Vol.3 : The Original Tokyo Tsushin Kogyo Corporation Sign

May 7, 2006 - Sony′s 60th anniversary

The Original Tokyo Tsushin Kogyo Corporation Sign

On May 7, 2006, Sony celebrated its 60th anniversary. On the same day in 1946, Ibuka-san and Morita-san established, with capital of just 190,000 yen, Tokyo Tsushin Kogyo (Tokyo Telecommunications Engineering Corporation), which would later become Sony. At the time, the factory and office was in a rented space in Nihonbashi in Tokyo. But, as the sales area expanded, they had to move. For a time, they were forced to move different workspaces to different locations - hardly an ideal solution. The next year, Ibuka-san and Morita-san found a warehouse in Shinagawa, where all the manufacturing, warehouses and office operations were moved. The warehouse was in such a state that when it rained, everyone had to use umbrellas. Still, it was a joy to be able to work under the same, if somewhat leaky, roof. And, soon after came the tape recorder and transistor radio.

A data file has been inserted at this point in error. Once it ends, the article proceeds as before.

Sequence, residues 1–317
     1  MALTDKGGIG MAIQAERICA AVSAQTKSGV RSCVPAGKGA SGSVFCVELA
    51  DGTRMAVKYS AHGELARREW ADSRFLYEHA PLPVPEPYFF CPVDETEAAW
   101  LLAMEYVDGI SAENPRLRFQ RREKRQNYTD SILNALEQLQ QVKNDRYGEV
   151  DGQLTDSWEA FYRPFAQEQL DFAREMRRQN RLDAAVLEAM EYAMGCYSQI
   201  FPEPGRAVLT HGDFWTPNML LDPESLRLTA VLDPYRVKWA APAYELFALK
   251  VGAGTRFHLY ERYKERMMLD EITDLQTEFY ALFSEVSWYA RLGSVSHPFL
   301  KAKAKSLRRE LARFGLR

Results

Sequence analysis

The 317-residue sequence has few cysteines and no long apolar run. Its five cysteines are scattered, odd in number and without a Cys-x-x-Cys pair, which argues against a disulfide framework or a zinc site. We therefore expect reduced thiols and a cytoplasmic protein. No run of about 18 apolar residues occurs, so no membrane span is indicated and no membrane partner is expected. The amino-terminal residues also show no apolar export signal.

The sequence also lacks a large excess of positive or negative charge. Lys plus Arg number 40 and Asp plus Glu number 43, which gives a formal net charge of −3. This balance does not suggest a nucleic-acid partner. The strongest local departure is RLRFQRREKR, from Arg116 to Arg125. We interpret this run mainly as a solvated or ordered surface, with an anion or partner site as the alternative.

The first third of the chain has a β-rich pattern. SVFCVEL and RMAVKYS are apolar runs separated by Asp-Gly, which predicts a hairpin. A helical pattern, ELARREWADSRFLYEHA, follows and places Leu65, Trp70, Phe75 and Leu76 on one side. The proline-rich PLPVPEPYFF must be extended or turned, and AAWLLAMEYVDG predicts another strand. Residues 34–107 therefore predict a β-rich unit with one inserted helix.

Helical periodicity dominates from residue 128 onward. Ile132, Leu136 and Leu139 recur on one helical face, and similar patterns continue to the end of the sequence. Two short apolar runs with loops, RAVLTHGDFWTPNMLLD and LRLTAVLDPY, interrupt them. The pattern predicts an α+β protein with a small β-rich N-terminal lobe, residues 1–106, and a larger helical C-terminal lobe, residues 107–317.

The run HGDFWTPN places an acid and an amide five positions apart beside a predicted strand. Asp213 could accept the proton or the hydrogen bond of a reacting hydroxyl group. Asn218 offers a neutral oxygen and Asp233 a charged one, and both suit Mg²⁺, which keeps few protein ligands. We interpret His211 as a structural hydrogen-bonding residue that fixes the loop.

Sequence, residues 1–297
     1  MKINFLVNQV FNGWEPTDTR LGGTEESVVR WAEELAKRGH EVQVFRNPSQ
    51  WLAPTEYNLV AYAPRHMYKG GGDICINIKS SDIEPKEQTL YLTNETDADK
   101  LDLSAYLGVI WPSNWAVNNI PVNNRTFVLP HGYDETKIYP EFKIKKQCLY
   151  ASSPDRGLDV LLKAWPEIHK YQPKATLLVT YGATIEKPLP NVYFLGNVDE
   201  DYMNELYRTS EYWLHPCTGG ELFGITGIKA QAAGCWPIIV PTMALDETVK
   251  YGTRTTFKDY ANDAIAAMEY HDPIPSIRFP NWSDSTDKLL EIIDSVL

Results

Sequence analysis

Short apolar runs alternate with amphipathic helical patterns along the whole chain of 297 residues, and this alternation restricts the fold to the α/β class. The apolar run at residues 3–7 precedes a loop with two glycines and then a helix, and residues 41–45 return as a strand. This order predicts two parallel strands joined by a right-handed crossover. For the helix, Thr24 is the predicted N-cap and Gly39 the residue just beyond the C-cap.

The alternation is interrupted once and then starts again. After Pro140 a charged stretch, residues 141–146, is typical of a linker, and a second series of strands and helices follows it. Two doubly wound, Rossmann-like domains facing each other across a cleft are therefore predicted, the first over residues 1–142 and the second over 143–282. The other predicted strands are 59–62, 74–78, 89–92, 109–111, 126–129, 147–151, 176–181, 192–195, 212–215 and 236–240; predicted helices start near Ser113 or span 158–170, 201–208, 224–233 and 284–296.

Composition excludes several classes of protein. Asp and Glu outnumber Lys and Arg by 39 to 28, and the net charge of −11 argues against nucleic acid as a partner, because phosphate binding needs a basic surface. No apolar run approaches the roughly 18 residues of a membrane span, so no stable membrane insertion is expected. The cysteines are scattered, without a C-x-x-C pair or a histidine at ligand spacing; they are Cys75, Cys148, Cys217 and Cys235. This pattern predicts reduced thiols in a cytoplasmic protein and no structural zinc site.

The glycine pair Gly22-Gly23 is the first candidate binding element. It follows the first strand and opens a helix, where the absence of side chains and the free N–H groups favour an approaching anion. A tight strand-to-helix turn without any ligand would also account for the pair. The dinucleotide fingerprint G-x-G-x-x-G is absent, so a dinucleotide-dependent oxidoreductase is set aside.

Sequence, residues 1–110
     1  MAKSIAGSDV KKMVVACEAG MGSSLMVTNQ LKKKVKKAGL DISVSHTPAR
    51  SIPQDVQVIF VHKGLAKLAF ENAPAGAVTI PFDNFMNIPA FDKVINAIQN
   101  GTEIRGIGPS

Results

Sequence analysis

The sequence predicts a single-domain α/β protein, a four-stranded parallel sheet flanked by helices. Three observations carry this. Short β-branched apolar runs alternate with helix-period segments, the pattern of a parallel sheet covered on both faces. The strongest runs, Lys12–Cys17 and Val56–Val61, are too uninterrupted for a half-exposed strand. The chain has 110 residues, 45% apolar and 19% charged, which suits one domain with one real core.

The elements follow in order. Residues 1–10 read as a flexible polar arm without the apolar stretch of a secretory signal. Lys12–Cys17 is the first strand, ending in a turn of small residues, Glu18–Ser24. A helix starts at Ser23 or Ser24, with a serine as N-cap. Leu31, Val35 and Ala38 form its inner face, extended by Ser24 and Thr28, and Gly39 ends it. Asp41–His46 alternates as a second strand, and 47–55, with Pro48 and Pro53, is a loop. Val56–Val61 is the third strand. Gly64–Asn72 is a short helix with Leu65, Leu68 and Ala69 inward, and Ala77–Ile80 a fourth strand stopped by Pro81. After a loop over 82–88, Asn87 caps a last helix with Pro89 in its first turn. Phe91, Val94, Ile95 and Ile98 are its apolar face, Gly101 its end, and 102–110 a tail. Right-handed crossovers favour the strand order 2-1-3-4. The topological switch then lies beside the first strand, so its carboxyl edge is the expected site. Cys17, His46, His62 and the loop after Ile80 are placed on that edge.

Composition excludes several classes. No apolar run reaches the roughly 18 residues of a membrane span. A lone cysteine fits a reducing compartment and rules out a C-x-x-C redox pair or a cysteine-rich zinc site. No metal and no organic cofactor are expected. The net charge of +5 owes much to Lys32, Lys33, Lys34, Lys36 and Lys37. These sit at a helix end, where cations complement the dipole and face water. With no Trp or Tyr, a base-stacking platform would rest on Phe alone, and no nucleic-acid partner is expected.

Sony HQ in the mid-1950s. The building to the left is the original Shinagawa building.

By the way, in Japanese we use the term "raise the signboard" to say "start a company." Tokyo Tsuhin Kogyo raised its signboard at this site in Shinagawa, but it was far from glamorous. As the company took off, a new wooden factory was built in 1949 and, in 1951, an adjacent plot was bought and the three story wooden building was converted into an office/factory. The photo is the signboard that was put up at the entrance to the 1951 building and is a symbol of the success of the company.

The building was torn down in the 1960s. The new building (the former HQ until 2007) was a symbol of Sony's rapid growth. After being thrown out of the original site, it is said Ibuka-san and Morita-san wandered Tokyo in search of a new site where everybody could work closely together. Their modest dream back then was to have an elevator and a flushing toilet. That dream became reality in just over a decade.